Spreadsheet Assignment #8: Shop Stock Calculator (Marked/Summative)

PROGRAMS: MS Excel

FOUNDATIONAL OBJECTIVE(S):

  • To be familiar with basic hardware and software terminology and features.
  • To develop information processing skills that will be helpful in a student’s personal life.
  • To use computer hardware and software to produce simple personal use documents.
  • To use a variety of computer software applications efficiently and productively.
  • To develop communication skills necessary for information processing.

SKILLS: Wrapping Text, Merging Cells, Calculating: Unit Cost, Units Sold, Sales, Profits, Profit Margins

Stock Calculator

You have been hired to track sales at a local store. They are committed to taking inventory at the beginning of each week and comparing that to the inventory remaining at the end of the week. Inventory is taken according to the number of unopened boxes and the loose stock in opened boxes.

 

The following spreadsheet is a suggestion of what a candy shop stock calculator would look like to calculate the sales and profits for the items sold in the store over one week. The spreadsheet should be set to calculate a number of values that help to track cash flow and inventory ordering. For this assignment, you will be creating a spreadsheet that provides similar information. You can choose to create a candy shop similar to this one using numbers and items of your own choosing, or you can create a store that peaks your interest – an electronic shop, the servery, etc. You must insert FORMULAS as much as possible when determining calculations.

You need to have at least 16 items in your spreadsheet in at least 4 categories. None of the costs for any of your items should be the same as others in your list (Although their selling prices may be the same). You may include additional items or categories if you would like.

  1. Create a chart to include the title of the business, as well as the same criteria listed in the sample below: # of items per box, cost per box, opening stock, closing stock, etc.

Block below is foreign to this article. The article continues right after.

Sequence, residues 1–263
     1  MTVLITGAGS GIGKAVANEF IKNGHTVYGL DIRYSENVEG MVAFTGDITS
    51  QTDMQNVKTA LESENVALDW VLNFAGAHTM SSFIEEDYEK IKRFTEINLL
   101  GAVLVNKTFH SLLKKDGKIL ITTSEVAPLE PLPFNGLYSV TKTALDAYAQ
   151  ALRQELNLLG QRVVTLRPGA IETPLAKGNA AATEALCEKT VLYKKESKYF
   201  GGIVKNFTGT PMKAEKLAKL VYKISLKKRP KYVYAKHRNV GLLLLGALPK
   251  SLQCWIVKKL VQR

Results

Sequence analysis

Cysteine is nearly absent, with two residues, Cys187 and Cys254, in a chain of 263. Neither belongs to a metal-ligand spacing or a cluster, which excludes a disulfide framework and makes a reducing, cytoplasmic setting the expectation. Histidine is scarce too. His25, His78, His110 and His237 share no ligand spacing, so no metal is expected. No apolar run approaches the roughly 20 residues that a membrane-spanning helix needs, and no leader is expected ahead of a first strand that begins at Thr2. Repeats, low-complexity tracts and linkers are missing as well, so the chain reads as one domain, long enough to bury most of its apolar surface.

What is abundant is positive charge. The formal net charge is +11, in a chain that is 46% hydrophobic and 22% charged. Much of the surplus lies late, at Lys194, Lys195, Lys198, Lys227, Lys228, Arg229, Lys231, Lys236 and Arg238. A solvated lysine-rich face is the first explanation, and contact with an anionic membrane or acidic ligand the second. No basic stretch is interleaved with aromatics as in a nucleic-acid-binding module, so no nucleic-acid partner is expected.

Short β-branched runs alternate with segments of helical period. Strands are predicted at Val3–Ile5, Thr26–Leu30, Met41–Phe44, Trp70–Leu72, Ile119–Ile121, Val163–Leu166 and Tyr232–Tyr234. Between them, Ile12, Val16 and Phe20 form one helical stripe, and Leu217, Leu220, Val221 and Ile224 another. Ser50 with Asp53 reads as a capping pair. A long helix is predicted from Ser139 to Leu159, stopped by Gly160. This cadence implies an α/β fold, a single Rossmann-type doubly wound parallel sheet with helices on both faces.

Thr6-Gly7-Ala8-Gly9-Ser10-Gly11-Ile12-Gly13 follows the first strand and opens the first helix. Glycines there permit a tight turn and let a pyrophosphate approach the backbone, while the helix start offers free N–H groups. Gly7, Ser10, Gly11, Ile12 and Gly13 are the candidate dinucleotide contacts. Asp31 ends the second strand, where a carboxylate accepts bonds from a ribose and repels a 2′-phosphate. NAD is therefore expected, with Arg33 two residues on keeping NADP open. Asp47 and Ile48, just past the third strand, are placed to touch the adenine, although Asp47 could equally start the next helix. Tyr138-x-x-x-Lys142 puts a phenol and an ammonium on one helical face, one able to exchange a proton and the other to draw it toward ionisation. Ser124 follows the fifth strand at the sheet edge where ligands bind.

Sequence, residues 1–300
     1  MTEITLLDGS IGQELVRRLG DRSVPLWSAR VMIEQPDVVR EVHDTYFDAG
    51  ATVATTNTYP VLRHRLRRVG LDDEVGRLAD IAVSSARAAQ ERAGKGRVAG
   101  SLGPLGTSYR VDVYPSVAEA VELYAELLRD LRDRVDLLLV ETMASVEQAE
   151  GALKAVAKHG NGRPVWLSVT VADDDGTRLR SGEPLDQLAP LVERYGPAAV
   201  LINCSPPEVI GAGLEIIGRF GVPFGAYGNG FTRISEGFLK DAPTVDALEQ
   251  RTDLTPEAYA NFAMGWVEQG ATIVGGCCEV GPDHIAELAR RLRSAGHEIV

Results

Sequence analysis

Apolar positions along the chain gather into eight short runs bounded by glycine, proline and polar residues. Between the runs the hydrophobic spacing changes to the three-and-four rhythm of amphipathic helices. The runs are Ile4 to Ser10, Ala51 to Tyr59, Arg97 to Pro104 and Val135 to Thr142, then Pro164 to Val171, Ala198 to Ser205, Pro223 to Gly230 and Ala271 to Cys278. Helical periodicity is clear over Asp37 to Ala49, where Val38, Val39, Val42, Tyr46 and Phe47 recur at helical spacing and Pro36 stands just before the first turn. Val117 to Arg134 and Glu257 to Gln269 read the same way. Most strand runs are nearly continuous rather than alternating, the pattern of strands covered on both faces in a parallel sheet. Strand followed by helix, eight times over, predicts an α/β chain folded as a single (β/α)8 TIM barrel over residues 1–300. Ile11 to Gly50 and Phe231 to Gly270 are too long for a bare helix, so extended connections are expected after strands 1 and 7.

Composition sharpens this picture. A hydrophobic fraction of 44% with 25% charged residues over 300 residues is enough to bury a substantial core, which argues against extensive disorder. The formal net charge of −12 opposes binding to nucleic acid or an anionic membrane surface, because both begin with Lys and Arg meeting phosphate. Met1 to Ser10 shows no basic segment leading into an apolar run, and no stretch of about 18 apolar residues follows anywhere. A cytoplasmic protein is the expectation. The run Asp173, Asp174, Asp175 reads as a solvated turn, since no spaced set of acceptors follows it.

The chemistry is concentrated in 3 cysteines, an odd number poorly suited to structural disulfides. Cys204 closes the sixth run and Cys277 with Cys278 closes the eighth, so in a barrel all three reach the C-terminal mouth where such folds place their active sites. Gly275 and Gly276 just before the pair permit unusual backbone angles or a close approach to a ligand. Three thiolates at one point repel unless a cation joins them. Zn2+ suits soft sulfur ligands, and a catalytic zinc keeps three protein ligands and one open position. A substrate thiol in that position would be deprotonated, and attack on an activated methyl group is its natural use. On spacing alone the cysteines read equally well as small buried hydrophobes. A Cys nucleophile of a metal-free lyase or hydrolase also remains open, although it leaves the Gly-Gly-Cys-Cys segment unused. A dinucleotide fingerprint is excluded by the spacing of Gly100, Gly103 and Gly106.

2. You can determine your 4 categories, and shade them in a color of your choosing.
  3. Under each category, you must list at least 4 items.
  4. Your first column is for #/box. On the sample below, Kit-Kats can be ordered in boxes of 20. You can fill in the #/box based on your own estimates. You will also need to determine the cost per box. You can research this if you wish, or come up with reasonable estimates.
  5. For the Opening Stock column, how many boxes will you have at the start of the week, and how many loose items will you have? Your loose stock is any remaining items that are leftover and do not make up a full box. For example, at the start of the week we have 2 boxes of Kit-Kats and 7 individual Kit-Kat bars.
  6. At the end of the week, how many boxes remain and how many individual items are left over? You can estimate these numbers, based on how popular you think they would be and how many sales you might get in a week.
  7. To determine the unit price, take the cost per box and divide it by the number of items per box. This will tell you how much the shop owner is paying per item.
  8. The selling price is how much the owner is selling the item to the public. This should be higher than the unit cost in order to create a profit.
  9. To determine units sold, you must calculate the total stock you had at the beginning of the week (items per box X # of boxes plus loose stock) and subtract it from how many were remaining after closing stock (items per box X remaining # of boxes plus loose stock).
  10. Determine sales by the number of units sold X selling price.
  11. Determine your profit by the number of units sold X the unit price, then subtract that number from the sales.
  12. Create totals for sales and profits.
  13. Once you have completed the table and inputted the information, you need to create the following graphs. Please create each graph on a separate worksheet in the spreadsheet and label the graphs according to their contents.
    1. A bar chart for the profit totals for each category.
    2. A separate pie chart for each category which shows the sales for each item. (For example, a pie chart titled Chocolate Bars which shows the number of sales for each of the 4 chocolate bars)

 

Sweets

 

***Click HERE for the rubric you will be marked on!!

When you are satisfied with your assignment, hand in the completed document to the appropriate In Basket folder. (Remember to save it lastname,firstname…)